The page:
When you change the text in the encoding text box, the following code displays the text’s encoding.

// Add a character to the decoded message.
private void txtEncode_TextChanged(object sender, EventArgs e)
{
    flpEncoding.Controls.Clear();
    foreach (char ch in txtEncode.Text.ToUpper())
    {
        if (GlyphDict.ContainsKey(ch))
        {
            PictureBox pic = new PictureBox();
            pic.SizeMode = PictureBoxSizeMode.AutoSize;
            pic.Image = GlyphDict[ch];
            pic.Parent = flpEncoding;
        }
    }
}

This method clears the FlowLayoutPanel named flpEncoding. It then loops through the messages characters. It creates a PictureBox, uses the character to look up the corresponding glyph image in the program’s dictionary GlyphDict, and makes the PictureBox display it.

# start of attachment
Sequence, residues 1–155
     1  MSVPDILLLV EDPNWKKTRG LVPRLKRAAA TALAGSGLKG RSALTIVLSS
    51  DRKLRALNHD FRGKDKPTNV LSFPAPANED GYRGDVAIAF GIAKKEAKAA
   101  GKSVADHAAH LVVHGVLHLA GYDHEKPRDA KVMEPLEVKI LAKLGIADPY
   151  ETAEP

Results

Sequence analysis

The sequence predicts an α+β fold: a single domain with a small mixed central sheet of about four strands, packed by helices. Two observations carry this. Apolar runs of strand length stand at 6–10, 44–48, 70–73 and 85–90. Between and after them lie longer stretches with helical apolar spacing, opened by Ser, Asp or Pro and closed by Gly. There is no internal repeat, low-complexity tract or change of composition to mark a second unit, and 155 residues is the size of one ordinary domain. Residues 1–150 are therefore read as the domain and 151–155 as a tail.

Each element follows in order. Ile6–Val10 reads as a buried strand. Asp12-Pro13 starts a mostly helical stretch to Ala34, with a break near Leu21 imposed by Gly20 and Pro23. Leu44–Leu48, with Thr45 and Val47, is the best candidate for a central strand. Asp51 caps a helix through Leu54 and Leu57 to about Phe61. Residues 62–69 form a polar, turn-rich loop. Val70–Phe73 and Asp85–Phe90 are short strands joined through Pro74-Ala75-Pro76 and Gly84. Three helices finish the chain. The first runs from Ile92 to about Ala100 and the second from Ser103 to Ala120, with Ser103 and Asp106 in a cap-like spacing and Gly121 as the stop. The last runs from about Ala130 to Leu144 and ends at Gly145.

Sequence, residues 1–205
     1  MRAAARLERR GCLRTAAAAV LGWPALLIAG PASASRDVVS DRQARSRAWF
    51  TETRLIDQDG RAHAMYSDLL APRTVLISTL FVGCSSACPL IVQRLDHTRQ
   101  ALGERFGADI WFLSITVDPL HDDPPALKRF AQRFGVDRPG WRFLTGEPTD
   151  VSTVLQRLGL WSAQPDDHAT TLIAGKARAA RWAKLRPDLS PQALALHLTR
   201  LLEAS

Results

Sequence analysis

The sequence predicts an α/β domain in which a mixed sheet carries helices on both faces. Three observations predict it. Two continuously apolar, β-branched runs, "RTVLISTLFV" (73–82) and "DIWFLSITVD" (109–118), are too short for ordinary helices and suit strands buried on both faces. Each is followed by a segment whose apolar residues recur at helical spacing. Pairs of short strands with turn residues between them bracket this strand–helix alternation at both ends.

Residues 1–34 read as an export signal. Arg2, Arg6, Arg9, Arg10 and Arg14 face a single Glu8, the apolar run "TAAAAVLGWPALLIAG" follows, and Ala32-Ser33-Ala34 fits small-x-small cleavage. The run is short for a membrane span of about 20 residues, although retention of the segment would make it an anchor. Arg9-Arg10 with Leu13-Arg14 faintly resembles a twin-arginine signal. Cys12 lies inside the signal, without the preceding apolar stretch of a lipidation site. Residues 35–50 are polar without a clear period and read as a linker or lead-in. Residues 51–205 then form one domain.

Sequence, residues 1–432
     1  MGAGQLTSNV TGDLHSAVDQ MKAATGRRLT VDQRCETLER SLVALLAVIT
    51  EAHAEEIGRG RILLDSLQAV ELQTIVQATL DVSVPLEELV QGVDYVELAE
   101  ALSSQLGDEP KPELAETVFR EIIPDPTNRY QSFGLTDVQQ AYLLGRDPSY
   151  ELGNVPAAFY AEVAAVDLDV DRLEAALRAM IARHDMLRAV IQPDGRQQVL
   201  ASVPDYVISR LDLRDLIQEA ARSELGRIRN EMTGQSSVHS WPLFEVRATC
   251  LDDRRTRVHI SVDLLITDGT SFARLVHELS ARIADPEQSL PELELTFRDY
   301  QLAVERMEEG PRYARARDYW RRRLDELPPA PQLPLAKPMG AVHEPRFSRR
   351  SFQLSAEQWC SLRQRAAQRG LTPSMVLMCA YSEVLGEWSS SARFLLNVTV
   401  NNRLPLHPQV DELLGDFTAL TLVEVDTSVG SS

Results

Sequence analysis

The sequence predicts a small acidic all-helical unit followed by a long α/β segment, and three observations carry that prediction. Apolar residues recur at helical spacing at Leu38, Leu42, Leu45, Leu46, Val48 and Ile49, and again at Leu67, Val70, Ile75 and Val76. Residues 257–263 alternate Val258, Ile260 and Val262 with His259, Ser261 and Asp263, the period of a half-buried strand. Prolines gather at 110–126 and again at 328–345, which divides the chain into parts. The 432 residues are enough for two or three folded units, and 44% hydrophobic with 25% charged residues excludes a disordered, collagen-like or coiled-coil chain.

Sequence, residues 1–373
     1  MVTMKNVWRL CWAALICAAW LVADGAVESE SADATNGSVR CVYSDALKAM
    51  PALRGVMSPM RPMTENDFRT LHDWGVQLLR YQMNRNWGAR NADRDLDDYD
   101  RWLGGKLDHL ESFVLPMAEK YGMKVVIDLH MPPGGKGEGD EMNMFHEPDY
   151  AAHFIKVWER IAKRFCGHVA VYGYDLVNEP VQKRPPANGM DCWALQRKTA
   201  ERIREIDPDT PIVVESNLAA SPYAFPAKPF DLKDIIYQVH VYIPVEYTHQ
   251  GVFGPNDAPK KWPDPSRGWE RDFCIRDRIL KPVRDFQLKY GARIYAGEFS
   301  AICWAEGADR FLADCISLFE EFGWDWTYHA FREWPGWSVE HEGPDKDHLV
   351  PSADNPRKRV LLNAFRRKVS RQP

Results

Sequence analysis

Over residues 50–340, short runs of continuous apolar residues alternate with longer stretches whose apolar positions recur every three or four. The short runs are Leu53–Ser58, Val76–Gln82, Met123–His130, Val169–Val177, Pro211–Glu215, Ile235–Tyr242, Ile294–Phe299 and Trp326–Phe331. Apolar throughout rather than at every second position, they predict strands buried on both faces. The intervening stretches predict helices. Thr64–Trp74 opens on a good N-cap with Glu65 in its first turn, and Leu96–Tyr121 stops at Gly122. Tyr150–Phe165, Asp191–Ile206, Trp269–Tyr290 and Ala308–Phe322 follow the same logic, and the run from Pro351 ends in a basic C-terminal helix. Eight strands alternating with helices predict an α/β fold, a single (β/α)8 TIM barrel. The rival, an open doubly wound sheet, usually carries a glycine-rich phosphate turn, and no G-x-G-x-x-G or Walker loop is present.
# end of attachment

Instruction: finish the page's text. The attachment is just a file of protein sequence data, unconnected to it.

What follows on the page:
That’s about all there is how this program encodes and decodes messages. Download the example to see additional details.

There are plenty of modifications that you could make to this program. For example, you could trim the glyph images so they contain less spaces around their edges and produce a tighter encoding. You could also make the program save the encoding in a single image and allow the user to specify dimensions for that output so, for example, you could display long messages on a single line. If you make those modifications or others, or if you have suggestions for changes that might be interesting, please post a note in the comments below.


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About RodStephens

Rod Stephens is a software consultant and author who has written more than 30 books and 250 magazine articles covering C#, Visual Basic, Visual Basic for Applications, Delphi, and Java.